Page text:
Tom Hoskins remembers Manteca fondly.
Hoskins raised his family in The Family City and worked closely with its youth as a teacher at Sequoia Elementary School for 12 years.
The 64-year-old is retired now, living in the shadow of Mount Shasta, but he’ll return to Manteca on Wednesday.
Bearing gifts, too.
Hoskins has authored and published his first book, “When I Was a Kid,” which compares his childhood experiences growing up in Davis in the 1960s to those of children today.
“The first chapter covers my childhood, ages 8 to 17,” he said. “The rest of the book is about helping kids with friends, divorce and self image. One chapter covers the pitfalls of today that didn’t exist when I was a kid. It’s sprinkled with lines from songs and goof-ball quotes to keep it light-hearted and fun.”
The book is currently being sold for $9.51 on Amazon. Hoskins says he printed a few hundred books and hopes to also sell them at bookstores in Davis, Manteca and Stanford University, where he received his teaching credential and Masters.
“That’s my big whirlwind book tour,” he said with a chuckle, “and I hope to have a really good time. If I sell five copies, I don’t care. You put the line out there and see if the fish bite.”
Hoskins has scheduled a presentation on Tuesday evening at The Avid Reader in Davis. He’ll return to Manteca on Wednesday for a similar presentation at The Book Exchange on Main Street.
Though his time in town is short, Hoskins hopes to see many of his old friends, colleagues and former students.
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Fantasy sports’ real superstars
On Tuesday, The Bulletin featured the Xtreme Fantasy Football League in its buildup to the NFL season.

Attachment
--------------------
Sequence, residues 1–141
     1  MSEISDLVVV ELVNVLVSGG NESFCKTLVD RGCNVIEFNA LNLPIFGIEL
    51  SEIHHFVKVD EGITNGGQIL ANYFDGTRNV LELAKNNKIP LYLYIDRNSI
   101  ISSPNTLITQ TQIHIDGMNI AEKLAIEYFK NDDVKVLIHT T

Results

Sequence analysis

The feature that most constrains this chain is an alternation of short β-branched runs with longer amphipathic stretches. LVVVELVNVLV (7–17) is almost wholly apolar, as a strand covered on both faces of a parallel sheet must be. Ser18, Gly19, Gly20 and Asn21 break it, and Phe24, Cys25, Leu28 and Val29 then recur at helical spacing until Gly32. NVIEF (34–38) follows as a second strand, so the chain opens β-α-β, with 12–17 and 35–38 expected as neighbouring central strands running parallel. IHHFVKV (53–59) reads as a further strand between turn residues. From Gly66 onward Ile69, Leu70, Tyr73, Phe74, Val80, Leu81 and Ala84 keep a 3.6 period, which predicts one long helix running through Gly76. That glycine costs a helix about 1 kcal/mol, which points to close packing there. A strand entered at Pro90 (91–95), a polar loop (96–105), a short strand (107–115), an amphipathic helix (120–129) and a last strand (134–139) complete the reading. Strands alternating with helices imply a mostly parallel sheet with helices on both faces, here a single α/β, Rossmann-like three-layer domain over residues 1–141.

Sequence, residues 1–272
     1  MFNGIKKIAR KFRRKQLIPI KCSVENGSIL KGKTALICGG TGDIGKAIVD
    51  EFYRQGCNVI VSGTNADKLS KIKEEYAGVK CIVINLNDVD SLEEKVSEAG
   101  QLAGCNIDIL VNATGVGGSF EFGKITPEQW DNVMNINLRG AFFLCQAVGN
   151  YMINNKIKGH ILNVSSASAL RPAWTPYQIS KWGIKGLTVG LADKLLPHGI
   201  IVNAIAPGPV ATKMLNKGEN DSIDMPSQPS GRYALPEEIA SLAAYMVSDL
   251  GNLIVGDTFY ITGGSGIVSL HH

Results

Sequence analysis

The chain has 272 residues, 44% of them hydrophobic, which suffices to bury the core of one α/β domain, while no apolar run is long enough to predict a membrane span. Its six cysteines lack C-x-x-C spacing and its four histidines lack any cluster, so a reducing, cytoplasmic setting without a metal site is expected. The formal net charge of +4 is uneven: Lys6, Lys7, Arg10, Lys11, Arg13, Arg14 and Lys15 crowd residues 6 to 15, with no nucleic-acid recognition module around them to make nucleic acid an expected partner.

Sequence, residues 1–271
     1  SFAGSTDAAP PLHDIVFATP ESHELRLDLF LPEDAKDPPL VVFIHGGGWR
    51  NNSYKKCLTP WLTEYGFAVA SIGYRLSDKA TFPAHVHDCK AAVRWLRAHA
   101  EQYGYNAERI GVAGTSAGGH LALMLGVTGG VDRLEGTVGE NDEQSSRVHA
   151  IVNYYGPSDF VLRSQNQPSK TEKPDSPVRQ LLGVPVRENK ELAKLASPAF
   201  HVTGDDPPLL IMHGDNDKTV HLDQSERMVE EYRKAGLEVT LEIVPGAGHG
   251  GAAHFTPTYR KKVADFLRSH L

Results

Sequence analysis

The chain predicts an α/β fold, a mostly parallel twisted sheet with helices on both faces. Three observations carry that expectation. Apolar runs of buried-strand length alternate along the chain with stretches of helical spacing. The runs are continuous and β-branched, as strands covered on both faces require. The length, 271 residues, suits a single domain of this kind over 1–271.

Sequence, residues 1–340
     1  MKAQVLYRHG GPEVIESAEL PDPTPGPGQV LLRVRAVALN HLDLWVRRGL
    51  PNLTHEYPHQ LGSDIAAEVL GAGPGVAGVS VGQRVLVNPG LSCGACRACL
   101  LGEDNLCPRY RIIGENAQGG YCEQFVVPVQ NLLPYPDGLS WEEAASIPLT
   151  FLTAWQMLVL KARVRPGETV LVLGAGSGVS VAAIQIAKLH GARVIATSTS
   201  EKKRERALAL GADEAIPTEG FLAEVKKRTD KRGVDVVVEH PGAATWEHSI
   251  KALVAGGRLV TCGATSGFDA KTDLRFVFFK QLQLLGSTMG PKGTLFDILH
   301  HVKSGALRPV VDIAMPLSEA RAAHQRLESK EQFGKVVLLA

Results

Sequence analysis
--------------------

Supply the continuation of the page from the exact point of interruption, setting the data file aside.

The XFFL is a 24-team high-stakes league run by Mike Richter and Sam Johnson, a pair of East Union graduates with nearly 20 years invested into fantasy sports.
Richter and Johnson touched on the commitment it takes to be successful in a league with thousands of dollars on the line. Lost in the examination of fantasy football were some of the pastime’s true stars – the spouses of fantasy owners.
Lori Richter deserves much of the credit for the XFFL. In the early years, before the instant age of the Internet, fantasy sports were conducted by hand. Players would phone in their lineups and commissioners would scour box scores to determine winners.
Mike Richter was quick to shine the spotlight on Lori, praising her patience and acceptance while he chased his football fantasies.
Many times, Lori, a Manteca Unified School District teacher, spent her Friday evenings transcribing lineups off the family answering machine while Mike was at work or en route.
“It wasn’t the best time for her on a Friday or Saturday night,” Richter said. “... She put up with a lot.”
She’s also played gracious host, opening her home to the XFFL’s many owners for their live draft parties and offseason meetings.
Fantasy sports have a history of breaking up a happy home. A quick Google search will yield hundreds of blogs about “fantasy football widows” and fantasy induced divorces.
A staffer at Mom Logic gave this testimonial in 2008: “There are times when my guy actually prefers to check his stats than have sex. Several times, I’ve had to pry him away from the computer to get some attention. And when sports season ends, another one begins. It’s non-stop.”
Johnson, who once managed six teams at once, said fantasy owners walk a fine line between dedication and obsession.
“It consumes them so much,” Johnson said, “it wrecks their relationships.”
No so for his fellow commish. Richter is happy to report this better half, Lori, “is still around.”